The Balearic Islands, lie in the western Mediterranean between latitude 38° and 40° N and between longitude 1° and 4° E, off the south-east coast of the Spanish mainland, consist of the Balearics proper (Islas Baleares), with the two principal islands of Majorca (1405 sq. miles) and Minorca (270 sq. miles), the Islas Pityusas, with Ibiza (221 sq. miles) and Formentera (40 sq. miles), together with some 150 smaller islands, including Cabrera (6 sq. miles), and numbers of rocky islets, some of them serving military or nautical purposes, others completely unused.
The islands constitute the Spanish Province and Autonomous Region of the Balearics (Comunidad Autonoma de las Islas Baleares), with a total area of 5014 sq. km (1936 sq. miles), the capital of which is Palma de Mallorca.
The Balearics were granted autonomy on 22 February 1983 under the Spanish policy of decentralisation. The organ of government is the Interinsular Council-General of the Balearic Islands (Conseil General Interinsular de les Illes Balears). Autonomy has also had an effect on language. While formerly Spanish (Castilian) was officially favoured as the written and generally accepted language, the local idioms, Majorcan and Minorcan, which are forms of Catalan, are increasingly gaining ground. Many place-names have two forms, and where road signs do not give both forms they are frequently amended with the aid of aerosol paint.
The origin of the name Balearics is not known with certainty. There may be a connection with the Greek word ballein, “throw”, possibly referring to the islanders’ reputation in ancient times for their skill with the sling
The Balearics are the continuation of the folded Andalusian mountains which extend from Gibraltar by way of the Sierra Nevada to Cabo de la Nau, separated from the Iberian peninsula in the Late Tertiary era by tectonic movements which led to massive subsidence and submersions. The archipelago is now separated from the Spanish mainland by a submarine trench up to 1500 m (5000 ft) deep. Both the Balearics proper and the Islas Pityusas have their own continental shelf.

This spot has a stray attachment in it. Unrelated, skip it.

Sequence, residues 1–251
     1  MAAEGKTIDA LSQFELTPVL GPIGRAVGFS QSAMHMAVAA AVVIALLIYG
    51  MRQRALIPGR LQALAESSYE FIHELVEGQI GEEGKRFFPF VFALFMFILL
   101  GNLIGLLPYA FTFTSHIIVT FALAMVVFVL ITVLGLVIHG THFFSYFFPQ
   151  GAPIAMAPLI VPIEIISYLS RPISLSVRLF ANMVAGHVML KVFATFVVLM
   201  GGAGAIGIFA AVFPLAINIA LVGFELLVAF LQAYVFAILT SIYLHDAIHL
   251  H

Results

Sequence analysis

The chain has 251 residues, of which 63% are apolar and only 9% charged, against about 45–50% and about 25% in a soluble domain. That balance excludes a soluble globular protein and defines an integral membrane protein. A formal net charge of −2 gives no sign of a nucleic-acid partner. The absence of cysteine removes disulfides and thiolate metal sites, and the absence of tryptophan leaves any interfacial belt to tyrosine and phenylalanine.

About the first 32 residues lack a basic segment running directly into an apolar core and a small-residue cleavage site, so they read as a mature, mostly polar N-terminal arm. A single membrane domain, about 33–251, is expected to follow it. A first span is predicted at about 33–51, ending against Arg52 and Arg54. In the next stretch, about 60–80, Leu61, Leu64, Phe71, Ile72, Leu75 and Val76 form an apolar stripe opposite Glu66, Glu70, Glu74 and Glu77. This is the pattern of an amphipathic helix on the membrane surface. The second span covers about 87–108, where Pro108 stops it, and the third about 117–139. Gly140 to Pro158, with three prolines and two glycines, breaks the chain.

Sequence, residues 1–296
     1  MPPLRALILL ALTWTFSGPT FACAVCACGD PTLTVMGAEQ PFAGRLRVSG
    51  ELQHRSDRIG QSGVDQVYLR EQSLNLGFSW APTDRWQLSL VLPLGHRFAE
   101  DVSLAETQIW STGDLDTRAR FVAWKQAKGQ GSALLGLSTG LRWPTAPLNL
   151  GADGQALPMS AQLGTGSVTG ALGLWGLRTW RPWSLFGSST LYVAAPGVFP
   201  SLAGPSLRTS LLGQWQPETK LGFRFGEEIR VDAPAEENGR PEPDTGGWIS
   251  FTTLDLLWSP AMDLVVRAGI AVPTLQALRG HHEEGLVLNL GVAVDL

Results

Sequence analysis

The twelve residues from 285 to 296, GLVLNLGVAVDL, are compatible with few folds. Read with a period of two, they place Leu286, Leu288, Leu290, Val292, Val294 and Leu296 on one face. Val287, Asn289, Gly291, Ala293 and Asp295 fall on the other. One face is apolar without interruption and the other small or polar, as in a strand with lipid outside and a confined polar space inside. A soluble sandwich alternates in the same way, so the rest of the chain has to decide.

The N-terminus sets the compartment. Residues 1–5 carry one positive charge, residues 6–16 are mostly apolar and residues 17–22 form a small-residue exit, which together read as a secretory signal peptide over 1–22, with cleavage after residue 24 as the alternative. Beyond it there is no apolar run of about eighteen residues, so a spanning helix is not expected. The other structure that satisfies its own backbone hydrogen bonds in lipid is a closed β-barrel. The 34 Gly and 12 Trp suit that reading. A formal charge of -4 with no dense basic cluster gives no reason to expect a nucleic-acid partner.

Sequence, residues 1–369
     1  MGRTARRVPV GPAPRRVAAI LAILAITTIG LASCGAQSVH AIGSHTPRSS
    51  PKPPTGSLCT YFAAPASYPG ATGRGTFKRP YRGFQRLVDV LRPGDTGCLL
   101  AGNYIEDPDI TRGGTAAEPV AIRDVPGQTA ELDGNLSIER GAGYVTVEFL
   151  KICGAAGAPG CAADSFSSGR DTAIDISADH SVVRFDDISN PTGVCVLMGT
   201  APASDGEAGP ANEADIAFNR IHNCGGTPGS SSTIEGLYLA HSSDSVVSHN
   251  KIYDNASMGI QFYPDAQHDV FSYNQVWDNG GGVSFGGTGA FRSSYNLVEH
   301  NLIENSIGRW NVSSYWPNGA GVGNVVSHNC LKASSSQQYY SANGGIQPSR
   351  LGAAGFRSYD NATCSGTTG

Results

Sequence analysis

Majorca is made up of three markedly different zones of relief. Running parallel to the north-west coast is the Sierra del Norte, a 90 km (55 mile) long range of wooded hills with clusters of bizarrely shaped rocks, reaching a height of 1443 m (4734 ft) in Puig Mayor and falling steeply down to the sea in much-indented cliffs which form picturesque little coves and creeks (calas).
In the south-east of the island are the ridges of hills which form the Serrania de Levante, rising to 509 m (1670 ft) at San Salvador, with a number of stalactite caves. Here, too, the coast is broken up into innumerable ca/as.
Between these two upland regions, in which Mesozoic lime stones predominate, the large bays of Alcudia and Pollensa to the north-east and Palma to the south-west cut deep into the Llanura del Centro, a fertile plain given up to intensive agriculture (arable, fruit-growing , vines), with isolated hills of some size such as the Puig de Randa (542 m) and the Puig de Santa Magdalena (304 m).
The north-west of Minorca consists of a gently rolling upland region, reaching a height of 357 m in Monte Toro, with fjord-like inlets reaching in from the north-west coast. In the south-west is an extensive area of low-lying land, fringed by cliffs enclosing small rocky coves.